World Taekwondo hails exceptional Olympic Taekwondo competition in Tokyo


World Taekwondo President Chungwon Choue praised the athletes who showcased the very best of taekwondo in Tokyo and contributed to an unforgettable Olympic Games for the sport.

The taekwondo competitions saw some of the most exciting and dramatic matches ever witnessed at an Olympic Games and captured the imagination of millions of existing and new fans around the world. As ever, taekwondo demonstrated its universality as 21 National Olympic Committees – more than one third of the countries competing in taekwondo in Tokyo – won Olympic medals.

Out of the eight golds available, seven were won by different countries. This included Uzbekistan, Thailand, Croatia and ROC all of which had never won an Olympic gold in taekwondo before. North Macedonia claimed a silver medal which was the country’s first Olympic silver medal in any sport. Israel also secured a historic first medal in taekwondo at the Olympic Games with a bronze. Refugee athlete Kimia Alizadeh Zenoorin also nearly became the first ever medallist from the Olympic Refugee Team after an exceptional run to the bronze medal matches, but just fell short.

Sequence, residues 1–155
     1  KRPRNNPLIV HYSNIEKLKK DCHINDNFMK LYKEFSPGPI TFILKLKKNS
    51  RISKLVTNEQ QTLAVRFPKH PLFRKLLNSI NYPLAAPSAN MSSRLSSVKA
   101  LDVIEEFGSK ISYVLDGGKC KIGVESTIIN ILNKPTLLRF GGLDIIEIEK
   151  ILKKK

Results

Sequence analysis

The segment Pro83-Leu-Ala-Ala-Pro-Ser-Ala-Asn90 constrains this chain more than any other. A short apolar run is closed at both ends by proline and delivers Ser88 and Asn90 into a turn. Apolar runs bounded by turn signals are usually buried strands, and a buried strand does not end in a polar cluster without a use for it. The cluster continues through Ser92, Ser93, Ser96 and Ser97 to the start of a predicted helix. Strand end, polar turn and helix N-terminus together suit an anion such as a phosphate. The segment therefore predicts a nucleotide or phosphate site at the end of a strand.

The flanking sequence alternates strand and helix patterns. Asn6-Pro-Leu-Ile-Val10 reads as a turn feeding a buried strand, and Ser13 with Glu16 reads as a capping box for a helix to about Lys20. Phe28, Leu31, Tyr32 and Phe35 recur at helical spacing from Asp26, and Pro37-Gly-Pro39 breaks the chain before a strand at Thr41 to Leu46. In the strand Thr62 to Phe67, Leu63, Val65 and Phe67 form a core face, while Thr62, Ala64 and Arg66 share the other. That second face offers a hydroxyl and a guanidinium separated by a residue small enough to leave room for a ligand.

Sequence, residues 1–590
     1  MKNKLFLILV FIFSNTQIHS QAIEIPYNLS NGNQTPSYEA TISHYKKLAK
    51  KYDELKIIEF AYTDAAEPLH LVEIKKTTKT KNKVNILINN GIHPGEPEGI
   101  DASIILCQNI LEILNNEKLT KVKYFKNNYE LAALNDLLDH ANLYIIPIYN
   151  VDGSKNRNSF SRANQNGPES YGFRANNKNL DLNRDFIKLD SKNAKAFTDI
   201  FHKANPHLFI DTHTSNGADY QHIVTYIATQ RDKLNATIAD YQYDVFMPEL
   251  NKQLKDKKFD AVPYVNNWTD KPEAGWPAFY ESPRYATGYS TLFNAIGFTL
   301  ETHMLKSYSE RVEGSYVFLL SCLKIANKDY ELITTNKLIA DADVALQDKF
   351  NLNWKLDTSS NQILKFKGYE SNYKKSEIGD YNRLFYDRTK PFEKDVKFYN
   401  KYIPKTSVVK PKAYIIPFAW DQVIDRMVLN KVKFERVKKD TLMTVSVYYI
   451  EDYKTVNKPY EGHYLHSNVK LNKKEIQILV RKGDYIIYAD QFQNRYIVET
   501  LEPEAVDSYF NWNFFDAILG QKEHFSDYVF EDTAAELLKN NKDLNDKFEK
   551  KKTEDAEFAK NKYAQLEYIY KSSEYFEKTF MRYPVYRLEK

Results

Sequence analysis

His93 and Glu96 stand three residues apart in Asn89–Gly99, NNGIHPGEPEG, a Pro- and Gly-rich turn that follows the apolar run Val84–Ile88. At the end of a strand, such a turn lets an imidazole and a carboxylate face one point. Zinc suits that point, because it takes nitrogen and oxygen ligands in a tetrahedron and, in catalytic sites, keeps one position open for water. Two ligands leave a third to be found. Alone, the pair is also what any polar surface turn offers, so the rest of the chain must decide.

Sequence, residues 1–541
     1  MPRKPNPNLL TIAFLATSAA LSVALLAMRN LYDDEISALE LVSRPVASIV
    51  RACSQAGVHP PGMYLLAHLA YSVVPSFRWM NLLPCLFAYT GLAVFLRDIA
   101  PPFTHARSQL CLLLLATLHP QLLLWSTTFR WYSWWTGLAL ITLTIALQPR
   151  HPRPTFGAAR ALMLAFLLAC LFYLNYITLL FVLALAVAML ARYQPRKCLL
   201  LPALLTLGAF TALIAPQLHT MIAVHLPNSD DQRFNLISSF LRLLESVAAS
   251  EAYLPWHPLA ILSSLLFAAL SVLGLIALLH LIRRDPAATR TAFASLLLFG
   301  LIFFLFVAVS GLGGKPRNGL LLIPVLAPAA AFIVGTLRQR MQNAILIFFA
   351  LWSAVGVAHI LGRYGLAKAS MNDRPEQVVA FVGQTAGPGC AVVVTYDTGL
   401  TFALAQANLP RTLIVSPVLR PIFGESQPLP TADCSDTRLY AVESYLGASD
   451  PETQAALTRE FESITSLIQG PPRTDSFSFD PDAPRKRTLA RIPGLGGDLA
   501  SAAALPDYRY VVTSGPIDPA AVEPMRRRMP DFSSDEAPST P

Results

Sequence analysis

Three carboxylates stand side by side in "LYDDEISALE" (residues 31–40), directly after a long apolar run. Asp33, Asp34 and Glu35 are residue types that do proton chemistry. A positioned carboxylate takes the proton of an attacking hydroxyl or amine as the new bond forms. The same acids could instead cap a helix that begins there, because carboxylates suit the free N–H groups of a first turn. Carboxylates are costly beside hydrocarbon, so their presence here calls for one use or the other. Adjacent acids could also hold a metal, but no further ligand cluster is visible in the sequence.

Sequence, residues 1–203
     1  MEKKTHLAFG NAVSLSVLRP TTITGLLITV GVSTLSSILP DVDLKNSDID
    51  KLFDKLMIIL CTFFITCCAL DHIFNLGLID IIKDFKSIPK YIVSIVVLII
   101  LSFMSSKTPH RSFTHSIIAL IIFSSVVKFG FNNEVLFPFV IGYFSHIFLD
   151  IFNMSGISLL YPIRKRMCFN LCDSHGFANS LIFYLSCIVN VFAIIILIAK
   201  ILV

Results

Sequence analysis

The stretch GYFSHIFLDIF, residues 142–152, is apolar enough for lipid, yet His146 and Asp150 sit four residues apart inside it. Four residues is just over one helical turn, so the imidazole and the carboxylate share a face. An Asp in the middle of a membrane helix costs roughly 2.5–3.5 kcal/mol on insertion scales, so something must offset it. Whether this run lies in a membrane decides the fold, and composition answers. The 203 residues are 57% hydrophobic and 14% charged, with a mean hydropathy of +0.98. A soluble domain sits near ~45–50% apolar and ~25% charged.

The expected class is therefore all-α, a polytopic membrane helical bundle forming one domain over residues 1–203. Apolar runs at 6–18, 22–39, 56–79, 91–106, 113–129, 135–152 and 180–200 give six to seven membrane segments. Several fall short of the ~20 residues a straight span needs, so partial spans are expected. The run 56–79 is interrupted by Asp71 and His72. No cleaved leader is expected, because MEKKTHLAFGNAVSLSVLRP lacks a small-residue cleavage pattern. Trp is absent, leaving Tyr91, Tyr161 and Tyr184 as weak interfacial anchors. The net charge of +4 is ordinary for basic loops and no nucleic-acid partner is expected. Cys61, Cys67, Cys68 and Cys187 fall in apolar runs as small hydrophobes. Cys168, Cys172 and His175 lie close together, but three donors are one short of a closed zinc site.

The competitions in Tokyo were also remembered for the exciting emergence of a new generation of champions, including five medallists who had medalled either at the World Taekwondo Junior Championships or the Youth Olympic Games, both held in 2018.

Speaking following the conclusion of the Olympic taekwondo competitions, World Taekwondo President Choue said:
“The Olympic taekwondo at Tokyo 2020 was great. Our athletes reminded us all why taekwondo is such a well loved sport around the world. There was last-second drama, shock defeats and breath-taking athleticism all set against the sport’s values of friendship and respect.

“Once again, we saw that taekwondo is a sport which is universal and provides opportunities for all countries – big and small. We saw teenagers emerge and challenge the established stars of our sport. This led to very exciting matches and some surprising results but it also showed us what a bright future taekwondo has with so much talent coming through. Many countries won their first ever Olympic medals in taekwondo and this reflects that the sport is developing well and getting stronger globally.

“Of course, we missed having our fans in the stadium but we felt their support from all around the world. We only had to look on social media to see how much love there was for taekwondo, and not just from existing fans but lots of new ones who got swept up in the buzz around the sport. I am sure the legacy of Tokyo 2020 will be many more people practising taekwondo around the world.”